If You Get a Letter from the IRS . . .
The IRS mails millions of notices and letters to taxpayers each year. There are a variety of reasons why we might send you a notice. Here are the top 10 tips to know in case you get one.
1. Don’t panic and don't ignore the letter. You often can take care of a notice simply by responding to it.
2. An IRS notice typically will be about your federal tax return or tax account. It will be about a specific issue, such as changes to your account. It may ask you for more information. It could also explain that you owe tax and that you need to pay the amount that is due.
3. Each notice has specific instructions, so read it carefully. It will tell you what you need to do.
4. You may get a notice that states the IRS has made a change or correction to your tax return. If you do, review the information and compare it with your original return.
5. If you agree with the notice, you usually don’t need to reply unless it gives you other instructions or you need to make a payment.
6. If you do not agree with the notice, it’s important for you to respond. You should write a letter to explain why you disagree. Include any information and documents you want the IRS to consider. Mail your reply with the bottom tear-off portion of the notice. Send it to the address shown in the upper left-hand corner of the notice. Allow at least 30 days for a response.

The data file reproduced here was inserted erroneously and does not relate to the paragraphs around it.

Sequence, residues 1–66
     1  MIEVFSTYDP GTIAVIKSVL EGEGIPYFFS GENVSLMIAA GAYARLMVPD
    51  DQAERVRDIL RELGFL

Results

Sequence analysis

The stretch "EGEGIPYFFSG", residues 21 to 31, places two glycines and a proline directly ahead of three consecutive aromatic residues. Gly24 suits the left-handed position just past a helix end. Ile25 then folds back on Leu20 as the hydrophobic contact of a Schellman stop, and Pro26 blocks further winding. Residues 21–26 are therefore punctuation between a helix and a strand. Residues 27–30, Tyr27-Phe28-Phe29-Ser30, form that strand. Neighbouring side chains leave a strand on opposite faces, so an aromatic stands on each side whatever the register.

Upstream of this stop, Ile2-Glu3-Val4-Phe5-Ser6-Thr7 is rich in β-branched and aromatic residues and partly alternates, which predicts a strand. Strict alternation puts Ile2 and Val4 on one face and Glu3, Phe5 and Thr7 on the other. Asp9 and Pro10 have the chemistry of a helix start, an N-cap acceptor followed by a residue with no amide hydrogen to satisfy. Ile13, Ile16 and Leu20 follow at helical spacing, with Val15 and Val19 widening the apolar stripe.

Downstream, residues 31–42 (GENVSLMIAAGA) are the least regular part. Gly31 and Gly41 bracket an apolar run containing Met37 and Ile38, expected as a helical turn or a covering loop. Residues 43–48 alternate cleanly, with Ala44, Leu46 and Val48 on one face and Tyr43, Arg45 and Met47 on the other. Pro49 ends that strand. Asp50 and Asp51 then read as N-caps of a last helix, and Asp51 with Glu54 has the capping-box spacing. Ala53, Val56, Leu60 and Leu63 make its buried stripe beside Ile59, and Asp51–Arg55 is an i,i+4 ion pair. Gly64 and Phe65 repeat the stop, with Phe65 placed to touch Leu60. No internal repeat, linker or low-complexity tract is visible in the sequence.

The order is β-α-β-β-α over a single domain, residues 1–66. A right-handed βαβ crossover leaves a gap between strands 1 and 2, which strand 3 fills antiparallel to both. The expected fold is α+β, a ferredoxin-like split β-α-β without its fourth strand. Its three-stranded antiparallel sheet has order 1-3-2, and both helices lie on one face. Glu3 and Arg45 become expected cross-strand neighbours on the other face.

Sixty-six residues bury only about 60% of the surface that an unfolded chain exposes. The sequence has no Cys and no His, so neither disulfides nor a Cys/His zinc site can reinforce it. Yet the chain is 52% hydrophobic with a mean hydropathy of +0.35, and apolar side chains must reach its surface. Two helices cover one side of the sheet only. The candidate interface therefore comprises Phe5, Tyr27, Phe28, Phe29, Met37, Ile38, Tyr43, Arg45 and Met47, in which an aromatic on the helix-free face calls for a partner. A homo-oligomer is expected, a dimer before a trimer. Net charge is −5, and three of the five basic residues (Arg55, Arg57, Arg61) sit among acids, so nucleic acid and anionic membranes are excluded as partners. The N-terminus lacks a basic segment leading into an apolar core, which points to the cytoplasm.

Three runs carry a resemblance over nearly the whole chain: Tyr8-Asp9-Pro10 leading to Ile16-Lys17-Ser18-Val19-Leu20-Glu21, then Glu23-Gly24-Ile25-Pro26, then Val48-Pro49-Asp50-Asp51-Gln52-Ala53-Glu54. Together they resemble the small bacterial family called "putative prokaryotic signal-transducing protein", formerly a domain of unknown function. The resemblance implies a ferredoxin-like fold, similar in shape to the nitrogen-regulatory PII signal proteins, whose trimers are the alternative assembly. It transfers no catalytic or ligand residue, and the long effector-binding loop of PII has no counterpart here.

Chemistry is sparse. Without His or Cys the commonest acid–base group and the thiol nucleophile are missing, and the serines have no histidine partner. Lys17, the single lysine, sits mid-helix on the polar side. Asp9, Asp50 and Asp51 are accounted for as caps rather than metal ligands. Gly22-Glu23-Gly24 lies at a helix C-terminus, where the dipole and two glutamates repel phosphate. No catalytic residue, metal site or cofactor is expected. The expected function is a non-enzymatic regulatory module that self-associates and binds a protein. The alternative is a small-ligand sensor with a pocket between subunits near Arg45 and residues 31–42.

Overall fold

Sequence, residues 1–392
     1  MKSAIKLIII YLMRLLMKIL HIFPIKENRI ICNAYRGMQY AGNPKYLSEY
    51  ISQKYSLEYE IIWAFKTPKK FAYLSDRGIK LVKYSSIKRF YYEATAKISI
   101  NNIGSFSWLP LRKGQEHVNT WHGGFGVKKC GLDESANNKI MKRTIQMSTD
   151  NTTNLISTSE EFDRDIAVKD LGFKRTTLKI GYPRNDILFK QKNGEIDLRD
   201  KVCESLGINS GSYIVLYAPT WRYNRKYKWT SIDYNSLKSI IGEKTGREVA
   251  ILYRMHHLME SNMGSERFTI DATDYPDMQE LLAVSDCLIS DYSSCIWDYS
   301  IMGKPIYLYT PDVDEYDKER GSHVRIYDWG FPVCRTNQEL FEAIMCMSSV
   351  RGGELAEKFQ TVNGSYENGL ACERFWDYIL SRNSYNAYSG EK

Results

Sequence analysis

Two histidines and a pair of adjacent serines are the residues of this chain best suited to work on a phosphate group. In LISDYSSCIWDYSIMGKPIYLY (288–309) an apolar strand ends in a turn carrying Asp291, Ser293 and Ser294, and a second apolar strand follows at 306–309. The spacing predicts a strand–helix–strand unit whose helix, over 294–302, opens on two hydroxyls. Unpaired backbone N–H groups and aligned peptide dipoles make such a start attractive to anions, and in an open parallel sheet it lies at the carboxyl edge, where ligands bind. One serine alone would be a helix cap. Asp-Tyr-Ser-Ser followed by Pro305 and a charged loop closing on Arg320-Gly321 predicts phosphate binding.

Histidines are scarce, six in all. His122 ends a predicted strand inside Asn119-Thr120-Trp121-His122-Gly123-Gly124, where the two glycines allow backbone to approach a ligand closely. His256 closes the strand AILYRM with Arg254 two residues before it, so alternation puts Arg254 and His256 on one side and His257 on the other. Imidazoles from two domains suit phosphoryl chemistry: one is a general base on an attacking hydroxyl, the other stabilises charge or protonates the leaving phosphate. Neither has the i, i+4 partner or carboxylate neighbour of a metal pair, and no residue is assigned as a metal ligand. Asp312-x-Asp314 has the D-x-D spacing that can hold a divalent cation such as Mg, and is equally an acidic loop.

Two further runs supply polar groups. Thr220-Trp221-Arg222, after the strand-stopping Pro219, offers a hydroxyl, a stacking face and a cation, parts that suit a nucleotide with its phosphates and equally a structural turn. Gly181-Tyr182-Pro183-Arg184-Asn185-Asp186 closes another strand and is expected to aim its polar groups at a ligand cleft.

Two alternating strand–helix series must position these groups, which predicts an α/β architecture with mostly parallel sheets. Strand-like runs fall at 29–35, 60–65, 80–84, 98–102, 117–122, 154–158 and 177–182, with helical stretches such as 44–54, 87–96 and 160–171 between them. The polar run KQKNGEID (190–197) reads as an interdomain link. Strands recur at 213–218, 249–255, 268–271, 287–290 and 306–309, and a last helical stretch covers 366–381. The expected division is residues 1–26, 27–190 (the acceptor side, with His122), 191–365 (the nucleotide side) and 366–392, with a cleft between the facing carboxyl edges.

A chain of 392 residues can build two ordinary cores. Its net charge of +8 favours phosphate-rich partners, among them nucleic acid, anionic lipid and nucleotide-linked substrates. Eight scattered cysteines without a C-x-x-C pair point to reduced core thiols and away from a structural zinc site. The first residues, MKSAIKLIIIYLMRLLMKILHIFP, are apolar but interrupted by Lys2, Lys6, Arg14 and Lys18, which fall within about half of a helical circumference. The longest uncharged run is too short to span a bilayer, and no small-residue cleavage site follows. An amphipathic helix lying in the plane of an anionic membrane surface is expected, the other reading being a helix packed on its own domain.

7. You won’t need to call the IRS or visit an IRS office for most notices. If you do have questions, call the phone number in the upper right-hand corner of the notice. Have a copy of your tax return and the notice with you when you call. This will help the IRS answer your questions.
8. Always keep copies of any notices you receive with your other tax records and make notations of what you included in the response as well as the date you responded. If the amount in question is significant, mail your response via Certified Mail with Return Receipt in order to prove mailing.
9. Be alert for tax scams. The IRS sends letters and notices by mail. The IRS does not contact people by email or social media to ask for personal or financial information. The IRS will not initiate collections by a phone call asking for immediate payment or threaten arrest.
10. For more on this topic visit IRS.gov. Click on the link ‘Responding to a Notice’ at the bottom left of the home page. Also, see Publication 594, The IRS Collection Process. You can get it on IRS.gov/forms at any time.
Additional IRS Resources:
- Tax Topic 651 – Notices – What to Do
- Tax Topic 653 – IRS Notices and Bills, Penalties and Interest Charges
- Understanding Your CP2000 Notice
IRS YouTube Videos: